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Kodak and Cineon
My mate from Down Under Alan McIlwaine asks "...or are we on the verge of a
major increase in world demand for telecines?" Which brings us back to
Sony's efforts in this area. At the IBC presentation I attended, the heavy
hint was that (1) the Sony telecine would be significantly lower in price
than those of Cintel and Philips, and (2) this would result in an expansion
of the market. But, as we have already discussed widely here, that theory
does not seem to hold water.
The optics and sensors for Spirit started out, remember, as Kodak
technology. Kodak decided that a purpose-built high definition telecine
would serve their interests (selling more cellulose acetate), and designed
a scanning system to get the best images from HDTV. Only then did they go
and talk to telecine manufacturers.
First they went to Cintel (which is why the prototype was on an ADS-1
transport), but their partnership split up after a while because Cintel's
designers felt that flying spot technology could give the required quality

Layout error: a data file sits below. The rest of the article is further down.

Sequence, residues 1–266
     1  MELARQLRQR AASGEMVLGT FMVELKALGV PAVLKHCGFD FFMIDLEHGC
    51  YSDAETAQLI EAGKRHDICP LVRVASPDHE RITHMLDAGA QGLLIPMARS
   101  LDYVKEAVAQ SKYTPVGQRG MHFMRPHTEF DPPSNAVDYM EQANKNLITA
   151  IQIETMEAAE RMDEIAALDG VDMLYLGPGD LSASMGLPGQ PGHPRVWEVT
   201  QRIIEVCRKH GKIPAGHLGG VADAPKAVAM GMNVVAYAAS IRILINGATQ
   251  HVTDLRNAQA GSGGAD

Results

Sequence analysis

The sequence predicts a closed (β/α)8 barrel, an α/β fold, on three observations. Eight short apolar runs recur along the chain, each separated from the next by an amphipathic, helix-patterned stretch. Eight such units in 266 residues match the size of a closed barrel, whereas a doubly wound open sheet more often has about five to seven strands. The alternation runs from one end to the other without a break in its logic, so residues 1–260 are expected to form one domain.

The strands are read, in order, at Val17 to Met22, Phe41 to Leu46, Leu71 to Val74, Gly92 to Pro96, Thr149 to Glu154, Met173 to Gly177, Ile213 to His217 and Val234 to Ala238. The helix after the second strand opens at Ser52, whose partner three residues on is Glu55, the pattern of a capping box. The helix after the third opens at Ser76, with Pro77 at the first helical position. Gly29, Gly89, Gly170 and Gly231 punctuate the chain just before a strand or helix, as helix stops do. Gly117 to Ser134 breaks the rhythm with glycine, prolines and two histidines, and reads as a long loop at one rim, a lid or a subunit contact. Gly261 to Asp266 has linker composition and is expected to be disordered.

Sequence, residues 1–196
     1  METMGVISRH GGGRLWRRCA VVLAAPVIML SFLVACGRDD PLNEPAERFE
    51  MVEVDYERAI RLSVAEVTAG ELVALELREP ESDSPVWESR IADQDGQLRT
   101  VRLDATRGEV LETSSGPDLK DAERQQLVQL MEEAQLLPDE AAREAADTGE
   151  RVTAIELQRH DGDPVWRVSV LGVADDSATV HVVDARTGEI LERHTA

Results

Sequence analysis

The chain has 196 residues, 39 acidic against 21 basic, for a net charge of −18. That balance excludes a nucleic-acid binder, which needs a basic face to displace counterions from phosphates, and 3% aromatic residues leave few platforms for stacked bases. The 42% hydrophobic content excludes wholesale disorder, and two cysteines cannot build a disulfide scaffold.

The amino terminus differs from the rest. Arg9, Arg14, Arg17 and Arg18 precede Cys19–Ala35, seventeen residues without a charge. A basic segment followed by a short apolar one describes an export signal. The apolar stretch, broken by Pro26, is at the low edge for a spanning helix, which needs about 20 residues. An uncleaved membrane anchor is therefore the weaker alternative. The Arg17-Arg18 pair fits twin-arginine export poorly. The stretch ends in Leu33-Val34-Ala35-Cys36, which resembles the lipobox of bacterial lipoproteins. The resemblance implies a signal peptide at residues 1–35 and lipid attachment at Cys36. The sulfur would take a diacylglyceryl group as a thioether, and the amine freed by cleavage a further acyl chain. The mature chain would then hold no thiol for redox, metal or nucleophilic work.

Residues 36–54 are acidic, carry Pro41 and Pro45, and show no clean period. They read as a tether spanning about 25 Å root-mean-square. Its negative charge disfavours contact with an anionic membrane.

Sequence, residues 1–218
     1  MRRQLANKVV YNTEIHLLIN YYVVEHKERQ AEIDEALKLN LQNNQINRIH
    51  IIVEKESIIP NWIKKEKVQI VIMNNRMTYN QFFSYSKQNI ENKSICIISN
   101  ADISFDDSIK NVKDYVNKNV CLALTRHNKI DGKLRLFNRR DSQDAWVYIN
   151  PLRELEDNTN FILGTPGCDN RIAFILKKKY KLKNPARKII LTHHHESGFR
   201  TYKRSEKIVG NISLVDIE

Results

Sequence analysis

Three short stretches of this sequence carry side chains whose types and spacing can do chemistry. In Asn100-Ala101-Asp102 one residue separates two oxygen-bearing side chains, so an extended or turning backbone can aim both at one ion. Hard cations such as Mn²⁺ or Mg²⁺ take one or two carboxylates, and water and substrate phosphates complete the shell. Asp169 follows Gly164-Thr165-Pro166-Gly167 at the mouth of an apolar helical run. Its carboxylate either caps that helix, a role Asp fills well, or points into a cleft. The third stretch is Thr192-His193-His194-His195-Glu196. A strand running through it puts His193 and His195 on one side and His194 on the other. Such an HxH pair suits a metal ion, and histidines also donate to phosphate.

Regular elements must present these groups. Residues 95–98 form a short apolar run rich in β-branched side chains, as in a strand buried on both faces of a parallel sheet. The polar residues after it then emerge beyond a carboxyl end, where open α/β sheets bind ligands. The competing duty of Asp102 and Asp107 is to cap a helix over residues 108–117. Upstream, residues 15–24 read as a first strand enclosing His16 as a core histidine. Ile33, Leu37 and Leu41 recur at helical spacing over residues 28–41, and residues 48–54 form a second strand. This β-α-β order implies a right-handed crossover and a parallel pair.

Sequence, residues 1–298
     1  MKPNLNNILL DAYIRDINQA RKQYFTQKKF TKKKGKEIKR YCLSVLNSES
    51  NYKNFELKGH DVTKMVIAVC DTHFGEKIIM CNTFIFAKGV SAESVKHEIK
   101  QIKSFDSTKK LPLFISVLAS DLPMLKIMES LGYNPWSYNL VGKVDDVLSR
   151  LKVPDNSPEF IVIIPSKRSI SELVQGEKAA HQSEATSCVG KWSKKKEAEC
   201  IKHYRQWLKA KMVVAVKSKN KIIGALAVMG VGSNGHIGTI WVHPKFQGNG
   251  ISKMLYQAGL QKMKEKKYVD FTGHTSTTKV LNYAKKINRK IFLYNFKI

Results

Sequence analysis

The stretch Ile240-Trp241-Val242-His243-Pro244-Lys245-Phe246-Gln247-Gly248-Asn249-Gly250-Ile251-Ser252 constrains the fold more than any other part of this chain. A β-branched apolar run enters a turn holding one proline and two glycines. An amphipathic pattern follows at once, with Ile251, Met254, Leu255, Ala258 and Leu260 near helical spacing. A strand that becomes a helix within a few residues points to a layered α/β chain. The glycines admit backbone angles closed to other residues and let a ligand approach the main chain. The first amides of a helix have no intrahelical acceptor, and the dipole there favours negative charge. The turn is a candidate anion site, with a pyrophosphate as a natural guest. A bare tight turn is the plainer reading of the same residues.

without giving up any operational tools, while Kodak was firmly wedded to
its CCD head. I guess the C-Reality design process started around then, but
I certainly do not know that for a fact.
Kodak then went to Philips, and the result was the FLH-1000, a fine high
definition telecine. Unfortunately, it was launched at a time when HDTV was
at a very low ebb, and few (four?) were built. Having invested a huge sum
($20 million has been rumoured), Kodak wanted to see a return on its
investment, and so pushed for the re-purposing of the technology into
Spirit, in which form it enjoys today's success.
According to a note I have just had from Philips, there are 26 currently in
use worldwide. That is not enough, though, for Kodak to achieve its
ambition of recovering its initial investment, so I am sure that the good
people of Rochester will be keen to keep Spirit going for a long while yet.
This is a very cut down version of the story, and it is entirely likely
that the historians of Kodak, Cintel and Philips will want to amplify
++ Thanks to Biggi Klier of Munich for support of the TIG in 1997 ++
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